Next Article in Journal
Measuring Sprawl across the Urban Rural Continuum Using an Amalgamated Sprawl Index
Next Article in Special Issue
Paradoxes and Possibilities for a ‘Green’ Housing Sector: A Swedish Case
Previous Article in Journal
Coping with Change: A Closer Look at the Underlying Attributes of Change and the Individual Response to Unstable Environments
Article Menu

Export Article

Open AccessArticle
Sustainability 2013, 5(5), 1789-1805; doi:10.3390/su5051789

Growing Green and Competitive—A Case Study of a Swedish Pulp Mill

History of Technology Unit, Luleå University of Technology, SE 971 87 Luleå, Sweden
Department of Geography and Economic History, Umeå University, SE 901 87 Umeå, Sweden
Author to whom correspondence should be addressed.
Received: 28 January 2013 / Revised: 4 April 2013 / Accepted: 22 April 2013 / Published: 29 April 2013
(This article belongs to the Special Issue Green Business: Opportunities and Challenges for Sustainability)
View Full-Text   |   Download PDF [674 KB, uploaded 24 February 2015]


The experiences of past efforts of industrial pollution control while maintaining competitiveness should be of great value to research and policy practice addressing sustainability issues today. In this article, we analyze the environmental adaptation of the Swedish pulp industry during the period 1970–1990 as illustrated by the sulfite pulp producer Domsjö mill. We investigate how this company managed to adapt to heavy transformation pressure from increasing international competition in combination with strict national environmental regulations during the 1960s to the early 1990s. In line with the so-called Porter hypothesis, the company was able to coordinate the problems that were environmental in nature with activities aiming at production efficiency goals and the development of new products. Swedish environmental agencies and legislation facilitated this “win-win” situation by a flexible but still challenging regulatory approach towards the company. From the early 1990s and onwards, the greening of the pulp industry was also a result of increased market pressure for green paper products.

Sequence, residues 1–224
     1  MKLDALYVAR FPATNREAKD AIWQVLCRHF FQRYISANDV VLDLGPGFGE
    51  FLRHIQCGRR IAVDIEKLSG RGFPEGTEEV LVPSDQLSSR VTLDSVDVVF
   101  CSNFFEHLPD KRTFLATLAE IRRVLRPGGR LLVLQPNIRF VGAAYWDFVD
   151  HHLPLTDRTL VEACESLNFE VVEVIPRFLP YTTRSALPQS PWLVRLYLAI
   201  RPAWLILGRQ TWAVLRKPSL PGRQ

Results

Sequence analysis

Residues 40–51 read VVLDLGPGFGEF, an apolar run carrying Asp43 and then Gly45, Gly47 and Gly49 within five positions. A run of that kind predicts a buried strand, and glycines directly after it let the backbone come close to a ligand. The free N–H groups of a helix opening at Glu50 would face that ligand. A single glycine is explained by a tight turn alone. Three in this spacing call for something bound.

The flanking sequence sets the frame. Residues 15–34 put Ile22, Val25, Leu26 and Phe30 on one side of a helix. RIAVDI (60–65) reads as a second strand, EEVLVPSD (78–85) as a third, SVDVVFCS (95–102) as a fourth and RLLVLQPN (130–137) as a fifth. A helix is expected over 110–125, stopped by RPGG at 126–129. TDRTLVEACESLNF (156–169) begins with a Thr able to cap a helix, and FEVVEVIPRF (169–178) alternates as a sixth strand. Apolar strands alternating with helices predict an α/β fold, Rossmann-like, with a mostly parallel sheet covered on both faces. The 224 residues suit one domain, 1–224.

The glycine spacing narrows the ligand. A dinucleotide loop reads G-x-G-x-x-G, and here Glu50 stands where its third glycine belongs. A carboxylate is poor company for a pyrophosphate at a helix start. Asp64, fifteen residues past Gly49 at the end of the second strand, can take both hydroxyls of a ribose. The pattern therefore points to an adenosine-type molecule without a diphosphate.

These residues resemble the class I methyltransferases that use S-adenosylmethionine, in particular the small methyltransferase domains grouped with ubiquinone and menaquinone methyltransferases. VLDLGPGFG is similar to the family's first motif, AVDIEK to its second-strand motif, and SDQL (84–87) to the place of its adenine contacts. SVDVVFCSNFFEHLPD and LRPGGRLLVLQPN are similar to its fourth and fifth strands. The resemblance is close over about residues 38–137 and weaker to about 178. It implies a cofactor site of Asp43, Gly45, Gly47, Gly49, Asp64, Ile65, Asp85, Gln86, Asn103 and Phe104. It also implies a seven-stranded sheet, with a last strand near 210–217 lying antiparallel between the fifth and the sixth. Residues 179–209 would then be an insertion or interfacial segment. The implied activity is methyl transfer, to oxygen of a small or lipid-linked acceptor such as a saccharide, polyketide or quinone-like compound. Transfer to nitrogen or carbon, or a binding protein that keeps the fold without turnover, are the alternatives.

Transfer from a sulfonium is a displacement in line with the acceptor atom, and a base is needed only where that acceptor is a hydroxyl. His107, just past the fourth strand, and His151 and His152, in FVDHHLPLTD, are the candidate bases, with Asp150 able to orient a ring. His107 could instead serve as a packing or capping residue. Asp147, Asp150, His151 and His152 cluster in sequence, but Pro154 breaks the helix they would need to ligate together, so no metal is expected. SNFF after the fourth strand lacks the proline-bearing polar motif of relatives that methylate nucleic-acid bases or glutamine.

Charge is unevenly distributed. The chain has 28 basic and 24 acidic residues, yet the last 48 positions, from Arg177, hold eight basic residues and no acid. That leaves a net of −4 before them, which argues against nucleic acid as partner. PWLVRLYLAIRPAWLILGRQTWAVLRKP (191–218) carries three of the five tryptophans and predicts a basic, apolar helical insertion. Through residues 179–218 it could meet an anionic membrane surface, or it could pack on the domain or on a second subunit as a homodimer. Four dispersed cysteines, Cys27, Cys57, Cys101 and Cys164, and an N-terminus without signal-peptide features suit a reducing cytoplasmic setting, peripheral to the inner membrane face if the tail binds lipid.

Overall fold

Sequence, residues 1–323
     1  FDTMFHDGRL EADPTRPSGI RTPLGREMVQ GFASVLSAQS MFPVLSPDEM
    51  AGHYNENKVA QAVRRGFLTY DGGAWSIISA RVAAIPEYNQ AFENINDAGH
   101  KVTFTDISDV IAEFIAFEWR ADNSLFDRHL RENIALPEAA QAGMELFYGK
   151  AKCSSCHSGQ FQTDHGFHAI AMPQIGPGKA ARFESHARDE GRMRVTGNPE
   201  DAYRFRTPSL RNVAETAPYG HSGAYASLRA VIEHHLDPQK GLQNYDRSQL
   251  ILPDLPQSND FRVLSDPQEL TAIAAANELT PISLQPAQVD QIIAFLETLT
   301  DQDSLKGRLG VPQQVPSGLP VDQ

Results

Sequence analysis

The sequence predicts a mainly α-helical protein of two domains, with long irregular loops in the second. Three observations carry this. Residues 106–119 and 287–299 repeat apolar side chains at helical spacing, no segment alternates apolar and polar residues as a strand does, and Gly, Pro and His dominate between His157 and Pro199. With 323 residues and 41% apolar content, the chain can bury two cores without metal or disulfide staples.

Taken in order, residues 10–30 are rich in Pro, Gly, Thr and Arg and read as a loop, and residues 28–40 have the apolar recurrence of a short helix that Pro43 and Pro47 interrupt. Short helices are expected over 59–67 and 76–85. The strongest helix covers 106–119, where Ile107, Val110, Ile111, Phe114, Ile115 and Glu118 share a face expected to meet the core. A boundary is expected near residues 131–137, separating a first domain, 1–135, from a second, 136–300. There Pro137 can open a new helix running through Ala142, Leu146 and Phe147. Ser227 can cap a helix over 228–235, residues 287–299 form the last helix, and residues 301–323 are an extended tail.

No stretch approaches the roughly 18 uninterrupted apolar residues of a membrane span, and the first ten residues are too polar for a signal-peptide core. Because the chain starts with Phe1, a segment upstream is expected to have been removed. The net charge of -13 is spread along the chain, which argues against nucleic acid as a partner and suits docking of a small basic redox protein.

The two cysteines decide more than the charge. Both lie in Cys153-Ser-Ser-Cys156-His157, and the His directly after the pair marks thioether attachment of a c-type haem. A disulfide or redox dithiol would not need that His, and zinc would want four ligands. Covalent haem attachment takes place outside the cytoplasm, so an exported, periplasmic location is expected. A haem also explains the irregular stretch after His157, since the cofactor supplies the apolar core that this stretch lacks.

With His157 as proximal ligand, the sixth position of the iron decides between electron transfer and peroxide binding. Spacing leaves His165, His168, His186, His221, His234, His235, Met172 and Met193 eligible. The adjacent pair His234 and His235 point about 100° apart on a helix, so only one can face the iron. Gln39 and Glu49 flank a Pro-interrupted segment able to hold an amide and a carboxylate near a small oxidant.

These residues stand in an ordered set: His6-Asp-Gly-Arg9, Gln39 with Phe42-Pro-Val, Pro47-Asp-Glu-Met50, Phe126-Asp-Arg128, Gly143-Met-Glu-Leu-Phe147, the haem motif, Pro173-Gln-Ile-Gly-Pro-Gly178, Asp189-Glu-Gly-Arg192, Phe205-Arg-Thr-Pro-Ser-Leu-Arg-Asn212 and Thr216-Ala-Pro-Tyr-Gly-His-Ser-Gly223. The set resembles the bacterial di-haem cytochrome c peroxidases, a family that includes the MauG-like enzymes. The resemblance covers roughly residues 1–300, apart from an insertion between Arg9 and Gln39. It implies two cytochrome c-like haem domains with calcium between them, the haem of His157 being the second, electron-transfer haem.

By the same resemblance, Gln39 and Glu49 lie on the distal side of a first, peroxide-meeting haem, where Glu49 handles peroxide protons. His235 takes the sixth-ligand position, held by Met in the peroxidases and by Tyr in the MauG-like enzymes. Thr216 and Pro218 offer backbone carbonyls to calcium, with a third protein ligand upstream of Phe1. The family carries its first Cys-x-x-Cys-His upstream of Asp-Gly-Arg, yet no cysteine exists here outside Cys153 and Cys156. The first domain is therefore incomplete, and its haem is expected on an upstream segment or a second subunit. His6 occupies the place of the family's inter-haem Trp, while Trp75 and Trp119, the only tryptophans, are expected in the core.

Keywords: pulp and paper; porter hypothesis; Sweden; history pulp and paper; porter hypothesis; Sweden; history
This is an open access article distributed under the Creative Commons Attribution License (CC BY 3.0).

Scifeed alert for new publications

Never miss any articles matching your research from any publisher
  • Get alerts for new papers matching your research
  • Find out the new papers from selected authors
  • Updated daily for 49'000+ journals and 6000+ publishers
  • Define your Scifeed now

SciFeed Share & Cite This Article

MDPI and ACS Style

Söderholm, K.; Bergquist, A.-K. Growing Green and Competitive—A Case Study of a Swedish Pulp Mill. Sustainability 2013, 5, 1789-1805.

Show more citation formats Show less citations formats

Related Articles

Article Metrics

Article Access Statistics



[Return to top]
Sustainability EISSN 2071-1050 Published by MDPI AG, Basel, Switzerland RSS E-Mail Table of Contents Alert
Back to Top